The products of combustion from the firing of an indirect heating system with excess air contain carbon dioxide, water vapor, and oxygen. These components of the products of combustion from the firing of radiant tube in general are not present in a controlled heat treating atmosphere. Therefore in the current industry heat treating practices when a protective furnace atmosphere is required to carry out a metallurgical process a controlled atmosphere is introduced into the furnace which contains at most very low levels of the above gases. Some practices are carried out where the controlled atmosphere contains none of the above gases.

The discussion in the General Description of the Present Invention infra will explain how combustion products from radiant tubes can be purified as necessary, that is, removing from the products of combustion carbon dioxide, water vapor, oxygen, or other constituents to levels which will allow the furnace combustion system to function as a heat source and the source of furnace atmosphere.

A metal treating furnace is characterized by the presence of a closed work area in which work is inserted to be heated to the temperature necessary to perform the metallurgical process. Heating by convection and radiation is used to heat the work set forth in the enclosed area and the heat is achieved by using electric heating elements or by the firing of radiant tubes. When fired radiant tubes are used as the source of heat, the combustion products are conventionally vented to the atmosphere and an atmosphere of very specific and controlled composition taken from a source external to the furnace is introduced into the heated work area in order to protect the work from undesirable metallurgical reaction such as oxidation, or to impart specific metallurgical characteristics to the work, for example, carburizing or carbonitriding. At present the source of the atmosphere or carrier gas is an atmospheric generator making use of gases such as endothermic, exothermic, or exothermic/endothermic or industrial gases.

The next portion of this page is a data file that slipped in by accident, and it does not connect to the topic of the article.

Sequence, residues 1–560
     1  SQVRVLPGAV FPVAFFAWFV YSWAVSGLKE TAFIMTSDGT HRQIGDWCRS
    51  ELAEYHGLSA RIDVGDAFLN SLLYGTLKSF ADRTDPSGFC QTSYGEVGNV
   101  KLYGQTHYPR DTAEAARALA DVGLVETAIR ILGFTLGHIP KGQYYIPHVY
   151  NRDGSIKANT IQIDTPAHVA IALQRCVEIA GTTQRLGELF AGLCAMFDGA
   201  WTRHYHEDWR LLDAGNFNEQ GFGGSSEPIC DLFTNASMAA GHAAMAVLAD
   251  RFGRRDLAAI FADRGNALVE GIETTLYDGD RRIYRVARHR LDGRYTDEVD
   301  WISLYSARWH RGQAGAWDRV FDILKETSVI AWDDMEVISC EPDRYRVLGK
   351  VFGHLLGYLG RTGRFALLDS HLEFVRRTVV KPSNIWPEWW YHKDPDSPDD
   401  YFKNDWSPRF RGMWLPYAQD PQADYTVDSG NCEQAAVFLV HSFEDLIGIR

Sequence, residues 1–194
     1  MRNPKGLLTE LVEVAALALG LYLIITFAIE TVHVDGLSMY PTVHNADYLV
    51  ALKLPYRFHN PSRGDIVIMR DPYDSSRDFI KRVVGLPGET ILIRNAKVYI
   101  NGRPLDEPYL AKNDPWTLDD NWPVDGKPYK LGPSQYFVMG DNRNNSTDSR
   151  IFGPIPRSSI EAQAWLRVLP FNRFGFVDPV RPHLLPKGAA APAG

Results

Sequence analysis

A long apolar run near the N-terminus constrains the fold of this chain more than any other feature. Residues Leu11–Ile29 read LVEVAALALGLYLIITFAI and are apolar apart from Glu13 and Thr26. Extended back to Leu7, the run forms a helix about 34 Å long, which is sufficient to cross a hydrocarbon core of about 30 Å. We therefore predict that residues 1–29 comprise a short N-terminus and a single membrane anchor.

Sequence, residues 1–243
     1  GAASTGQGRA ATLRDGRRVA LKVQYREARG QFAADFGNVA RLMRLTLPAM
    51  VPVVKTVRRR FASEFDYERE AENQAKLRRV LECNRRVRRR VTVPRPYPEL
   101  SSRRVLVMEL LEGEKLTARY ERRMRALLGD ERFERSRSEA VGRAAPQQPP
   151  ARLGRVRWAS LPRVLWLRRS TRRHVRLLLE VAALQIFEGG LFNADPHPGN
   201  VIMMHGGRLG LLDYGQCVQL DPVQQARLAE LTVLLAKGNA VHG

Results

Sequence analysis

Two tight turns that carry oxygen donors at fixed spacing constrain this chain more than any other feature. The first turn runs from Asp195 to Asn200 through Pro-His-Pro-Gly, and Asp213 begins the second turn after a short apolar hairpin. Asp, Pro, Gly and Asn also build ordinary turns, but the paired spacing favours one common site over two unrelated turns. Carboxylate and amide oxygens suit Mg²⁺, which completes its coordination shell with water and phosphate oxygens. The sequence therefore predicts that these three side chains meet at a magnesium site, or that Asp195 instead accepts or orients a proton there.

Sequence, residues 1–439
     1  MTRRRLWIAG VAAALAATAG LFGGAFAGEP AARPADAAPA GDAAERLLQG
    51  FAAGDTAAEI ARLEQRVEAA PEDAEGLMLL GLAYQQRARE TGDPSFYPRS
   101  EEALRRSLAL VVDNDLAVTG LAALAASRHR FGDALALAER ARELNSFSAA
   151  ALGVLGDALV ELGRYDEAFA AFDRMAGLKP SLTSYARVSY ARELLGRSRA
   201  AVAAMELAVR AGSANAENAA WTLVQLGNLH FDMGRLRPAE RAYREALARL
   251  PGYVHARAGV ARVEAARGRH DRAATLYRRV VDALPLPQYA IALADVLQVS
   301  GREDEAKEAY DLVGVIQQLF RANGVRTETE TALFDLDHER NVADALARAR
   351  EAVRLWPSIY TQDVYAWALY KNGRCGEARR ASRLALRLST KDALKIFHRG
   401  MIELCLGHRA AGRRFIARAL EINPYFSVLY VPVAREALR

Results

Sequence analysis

The present invention is characterized as a carrier gas recovery system or CGR. This characterization implies that the products of combustion (gas) which are currently exhausted from the work chamber or the radiant tube heater to the atmosphere, are recovered, (recovery) purified, and piped to a heat treating furnace to be used as the controlled heat treating furnace atmosphere or carrier gas.

The carrier gas recovery system is an equipment system, which when added to an indirect fired furnace combustion system, and more specifically to a radiant tube combustion system will:

(a) convert an indirect fired or radiant tube furnace combustion system to a system which will allow the recovery of combustion products while the furnace combustion system operates under a negative pressure, atmospheric pressure or a positive pressure. The present invention can therefor be applied to any indirect fired furnace combustion system without affecting the burner flame characteristics;

(b) provide a system concept which will recover, purify, and make available gas of controlled composition for use as a furnace atmosphere or carrier gas for the heat treating process occuring in that or other furnaces;

(c) provide a control system that will detect the failure of a radiant tube, and as appropriate isolate the failed radiant tube from other radiant tubes in the furnace; and